For bibliophiles, the Helsinki Central Library Oodi is a great place. The layout and atmosphere were very different to what I expected — a beautiful open space and a stark contrast to my memories of strict librarians back home ready to pounce on visitors for making the slightest noise.

In its open-plan reading room in the upper floor, visitors can sit in executive chairs and read, or just marvel at the Finnish parliament building through the library’s high glass walls.

The green-domed Helsinki Cathedral is one of the city’s most famous landmarks. From the top of its steps in the Senate Square, the 19th-century church overlooks a statue of Tsar Alexander II — and a row of luxury retail stores.

Downtown Helsinki has plenty to offer late into the night. (Shutterstock)

Uspenski Cathedral, on the harbor-side, has a well-lit façade that casts an imposing presence from a distance at night. Built in 1868, the orthodox church’s golden cupolas and red-brick frontage remind visitors of Russia’s influence on Finland’s history.

There’s a French influence too, at least in Helsinki’s own version of Paris’ Bridge of Love on the way to Uspenski Cathedral. Like the famous French version, it is adorned with numerous padlocks, many with names engraved on them.

We did manage to squeeze in a daytime excursion too, to the city of Porvoo, about 30-minutes away from Helsinki. Its old town is a delight, with an abundance of charming 17th-century houses crowding the cobbled streets and crowned by the hilltop 15th-century cathedral.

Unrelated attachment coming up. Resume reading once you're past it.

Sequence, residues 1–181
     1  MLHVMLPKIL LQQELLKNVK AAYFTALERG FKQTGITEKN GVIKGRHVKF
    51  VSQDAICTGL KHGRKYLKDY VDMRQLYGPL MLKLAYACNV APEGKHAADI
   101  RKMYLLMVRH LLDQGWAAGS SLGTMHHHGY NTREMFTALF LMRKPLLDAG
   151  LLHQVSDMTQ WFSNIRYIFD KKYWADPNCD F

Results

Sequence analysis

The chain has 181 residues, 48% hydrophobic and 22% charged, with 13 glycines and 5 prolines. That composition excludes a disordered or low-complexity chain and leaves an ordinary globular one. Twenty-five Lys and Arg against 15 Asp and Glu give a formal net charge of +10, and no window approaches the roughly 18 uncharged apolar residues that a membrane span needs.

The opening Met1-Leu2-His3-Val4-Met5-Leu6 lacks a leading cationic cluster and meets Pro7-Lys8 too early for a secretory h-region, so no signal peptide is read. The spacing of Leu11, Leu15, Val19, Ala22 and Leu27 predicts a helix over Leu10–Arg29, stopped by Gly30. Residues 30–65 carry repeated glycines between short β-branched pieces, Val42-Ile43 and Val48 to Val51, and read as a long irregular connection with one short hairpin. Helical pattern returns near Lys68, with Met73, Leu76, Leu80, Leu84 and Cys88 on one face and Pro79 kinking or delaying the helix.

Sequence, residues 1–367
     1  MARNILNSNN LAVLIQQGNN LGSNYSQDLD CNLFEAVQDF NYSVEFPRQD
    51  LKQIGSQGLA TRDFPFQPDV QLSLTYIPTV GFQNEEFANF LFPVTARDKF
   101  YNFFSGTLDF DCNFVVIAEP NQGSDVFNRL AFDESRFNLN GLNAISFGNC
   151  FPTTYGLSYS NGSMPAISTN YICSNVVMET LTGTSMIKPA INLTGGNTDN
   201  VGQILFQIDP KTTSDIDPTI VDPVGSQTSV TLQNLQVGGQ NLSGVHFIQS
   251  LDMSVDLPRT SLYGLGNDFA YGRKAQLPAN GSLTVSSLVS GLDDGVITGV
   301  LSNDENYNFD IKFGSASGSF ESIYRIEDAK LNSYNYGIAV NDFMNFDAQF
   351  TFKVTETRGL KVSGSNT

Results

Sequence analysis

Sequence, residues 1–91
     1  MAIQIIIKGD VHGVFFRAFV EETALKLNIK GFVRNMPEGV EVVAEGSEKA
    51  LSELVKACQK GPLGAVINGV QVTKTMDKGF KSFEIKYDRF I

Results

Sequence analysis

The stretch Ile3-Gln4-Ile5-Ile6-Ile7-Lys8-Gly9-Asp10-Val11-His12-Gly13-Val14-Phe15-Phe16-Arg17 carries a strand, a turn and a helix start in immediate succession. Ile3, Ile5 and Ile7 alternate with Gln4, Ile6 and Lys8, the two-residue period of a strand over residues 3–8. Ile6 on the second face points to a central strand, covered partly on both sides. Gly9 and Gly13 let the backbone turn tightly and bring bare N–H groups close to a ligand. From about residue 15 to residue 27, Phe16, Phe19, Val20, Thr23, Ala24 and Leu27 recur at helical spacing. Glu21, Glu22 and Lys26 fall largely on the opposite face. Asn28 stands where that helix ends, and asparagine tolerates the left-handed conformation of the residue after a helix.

The city of Porvoo is about 30-minutes away from Helsinki. (Shutterstock)

On our final evening, our gracious hosts treated us to dinner at Helsinki’s renowned Lasipalatsi restaurant. We savored roasted Jerusalem artichoke with truffle yoghurt for starters, and grapefruit with roasted white chocolate and avocado for dessert.

For mains, the carnivores among us feasted on roast reindeer with rye and cloudberries  — an authentically Finnish finale to our trip.

And don’t worry, Rudolph remains alive and well.

What We Are Eating Today: Made Rustic

Updated 10 July 2020

What We Are Eating Today: Made Rustic

Made Rustic is a home-based Saudi business specializing in healthy snacks — both sweet and savory — that are free from artificial colors, additives and refined sugar.
Made Rustic offers a variety of artisanal dips, spreads, and crackers, as well as a range of flatbreads seasoned with traditional Middle Eastern combinations of herbs and spices, such as zaatar and sumac. Other toppings include rosemary, parmesan, kalamata olives, chili flakes, spicy cheddar, lemon and lavender.
Their signature product is the charcuterie board — or cheese and meat board — topped with an array of snacks, including crackers, breads, cheeses, seasonal fruit and veggies, meats, nuts, dips, and spreads.
The charcuterie board, with its attractive presentation and variety of options, is a sophisticated way to serve light morsels, whether at in-home parties or office gatherings.
Made Rustic’s platters are sure to make a good impression. They are customizable based on dietary needs; there is even a vegan option.
Made Rustic’s grazing platters come in two sizes: A medium platter for small gatherings of eight to 12 people and a large platter for more than 15 people.
A vegan customized grazing platter of your choice is also available. Prices range from SR25 ($7) to SR100. Products are available through @crate.ksa and @lugmety.